Braithwaite V.,MRC Human Nutrition Research | Jarjou L.M.A.,MRC Keneba | Goldberg G.R.,MRC Human Nutrition Research | Goldberg G.R.,University of Witwatersrand | And 3 more authors.
Bone | Year: 2012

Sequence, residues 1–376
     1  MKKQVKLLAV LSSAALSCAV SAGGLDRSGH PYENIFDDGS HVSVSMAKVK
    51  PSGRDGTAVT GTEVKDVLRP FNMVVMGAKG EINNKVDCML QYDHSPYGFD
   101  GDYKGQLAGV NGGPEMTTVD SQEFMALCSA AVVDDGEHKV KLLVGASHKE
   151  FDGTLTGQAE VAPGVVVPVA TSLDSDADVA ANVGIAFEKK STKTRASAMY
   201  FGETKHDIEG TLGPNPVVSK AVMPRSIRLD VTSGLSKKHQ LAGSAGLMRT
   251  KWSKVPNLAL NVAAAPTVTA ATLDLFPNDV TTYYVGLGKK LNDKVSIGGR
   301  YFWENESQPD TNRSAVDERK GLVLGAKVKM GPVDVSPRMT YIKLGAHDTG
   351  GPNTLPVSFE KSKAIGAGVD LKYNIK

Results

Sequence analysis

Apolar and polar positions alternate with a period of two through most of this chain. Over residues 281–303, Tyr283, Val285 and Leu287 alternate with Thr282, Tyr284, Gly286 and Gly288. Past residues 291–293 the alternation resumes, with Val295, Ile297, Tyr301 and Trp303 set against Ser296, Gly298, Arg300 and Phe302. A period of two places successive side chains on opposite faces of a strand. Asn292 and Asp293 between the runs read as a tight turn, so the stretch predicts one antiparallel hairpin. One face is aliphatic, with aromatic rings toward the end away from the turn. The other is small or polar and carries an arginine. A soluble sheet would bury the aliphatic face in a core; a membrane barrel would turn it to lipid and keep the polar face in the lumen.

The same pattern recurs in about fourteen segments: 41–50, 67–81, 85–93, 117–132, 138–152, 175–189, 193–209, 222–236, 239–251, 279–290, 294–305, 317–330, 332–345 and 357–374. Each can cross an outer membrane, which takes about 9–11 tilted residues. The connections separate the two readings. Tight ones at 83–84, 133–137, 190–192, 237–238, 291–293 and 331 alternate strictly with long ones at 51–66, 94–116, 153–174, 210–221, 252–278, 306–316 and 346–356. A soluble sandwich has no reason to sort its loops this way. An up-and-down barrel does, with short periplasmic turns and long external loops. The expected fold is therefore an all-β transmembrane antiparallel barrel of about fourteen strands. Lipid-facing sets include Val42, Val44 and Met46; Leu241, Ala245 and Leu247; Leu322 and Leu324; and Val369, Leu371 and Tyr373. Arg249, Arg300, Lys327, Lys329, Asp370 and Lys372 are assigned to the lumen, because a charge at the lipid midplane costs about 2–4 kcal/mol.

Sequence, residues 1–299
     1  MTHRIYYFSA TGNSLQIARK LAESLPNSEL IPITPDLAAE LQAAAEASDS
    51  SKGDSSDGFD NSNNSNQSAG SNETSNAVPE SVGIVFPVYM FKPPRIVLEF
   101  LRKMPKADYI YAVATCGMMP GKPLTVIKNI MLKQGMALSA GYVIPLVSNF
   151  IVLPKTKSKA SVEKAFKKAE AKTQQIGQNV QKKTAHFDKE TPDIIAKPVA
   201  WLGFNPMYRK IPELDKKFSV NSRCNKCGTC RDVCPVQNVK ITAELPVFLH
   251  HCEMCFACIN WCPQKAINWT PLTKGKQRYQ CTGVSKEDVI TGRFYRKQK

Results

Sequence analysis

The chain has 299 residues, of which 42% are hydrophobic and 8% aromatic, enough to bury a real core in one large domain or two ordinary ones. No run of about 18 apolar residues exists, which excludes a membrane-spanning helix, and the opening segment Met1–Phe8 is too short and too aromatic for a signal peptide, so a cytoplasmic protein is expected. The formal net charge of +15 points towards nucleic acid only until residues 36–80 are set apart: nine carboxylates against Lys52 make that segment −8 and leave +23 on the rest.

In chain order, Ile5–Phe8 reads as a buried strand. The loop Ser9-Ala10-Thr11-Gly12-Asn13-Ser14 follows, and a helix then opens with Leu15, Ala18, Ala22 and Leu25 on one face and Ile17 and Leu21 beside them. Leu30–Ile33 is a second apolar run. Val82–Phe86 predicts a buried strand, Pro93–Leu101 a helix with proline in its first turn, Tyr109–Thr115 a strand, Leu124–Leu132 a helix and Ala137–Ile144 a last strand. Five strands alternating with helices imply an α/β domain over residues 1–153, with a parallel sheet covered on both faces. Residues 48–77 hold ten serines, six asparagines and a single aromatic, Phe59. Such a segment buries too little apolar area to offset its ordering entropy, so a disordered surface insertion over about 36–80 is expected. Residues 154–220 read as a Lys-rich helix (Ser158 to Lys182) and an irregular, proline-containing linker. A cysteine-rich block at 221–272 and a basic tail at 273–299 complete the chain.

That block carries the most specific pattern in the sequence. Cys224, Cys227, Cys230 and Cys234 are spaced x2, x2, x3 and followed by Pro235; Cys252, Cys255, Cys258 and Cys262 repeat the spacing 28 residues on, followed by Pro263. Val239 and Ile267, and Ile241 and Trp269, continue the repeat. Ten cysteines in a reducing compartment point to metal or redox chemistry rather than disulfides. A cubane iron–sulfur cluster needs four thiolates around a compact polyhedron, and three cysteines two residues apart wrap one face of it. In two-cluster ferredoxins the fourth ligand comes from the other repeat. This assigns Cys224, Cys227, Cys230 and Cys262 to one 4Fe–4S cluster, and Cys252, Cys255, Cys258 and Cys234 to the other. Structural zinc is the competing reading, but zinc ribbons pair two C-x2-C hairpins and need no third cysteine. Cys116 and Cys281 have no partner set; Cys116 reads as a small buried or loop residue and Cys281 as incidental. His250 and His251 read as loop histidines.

We have previously reported on a case-series of children (n = 46) with suspected calcium-deficiency rickets who presented in The Gambia with rickets-like bone deformities. Biochemical analyses discounted vitamin D-deficiency as an aetiological factor but indicated a perturbation of Ca-P metabolism involving low plasma phosphate and high circulating fibroblast growth factor-23 (FGF23) concentrations.A follow-up study was conducted 5. years after presentation to investigate possible associated factors and characterise recovery. 35 children were investigated at follow-up (RFU). Clinical assessment of bone deformities, overnight fasted 2. h urine and blood samples, 2-day weighed dietary records and 24. h urine collections were obtained. Age- and season-matched data from children from the local community (LC) were used to calculate standard deviation scores (SDS) for RFU children.None of the RFU children had radiological signs of active rickets. However, over half had residual leg deformities consistent with rickets. Dietary Ca intake (SDS-Ca=-0.52 (0.98) p=0.04), dietary Ca/P ratio (SDS-Ca/P=-0.80 (0.82) p=0.0008) and TmP:GFR (SDS-TmP:GFR=-0.48 (0.81) p=0.04) were significantly lower in RFU children compared with LC children and circulating FGF23 concentration was elevated in 19% of RFU children. Furthermore an inverse relationship was seen between haemoglobin and FGF23 (R2=25.8, p=0.004).This study has shown differences in biochemical and dietary profiles between Gambian children with a history of rickets-like bone deformities and children from the local community. This study provided evidence in support of the calcium deficiency hypothesis leading to urinary phosphate wasting and rickets and identified glomerular filtration rate and iron status as possible modulators of FGF23 metabolic pathways. © 2011 Elsevier Inc. Source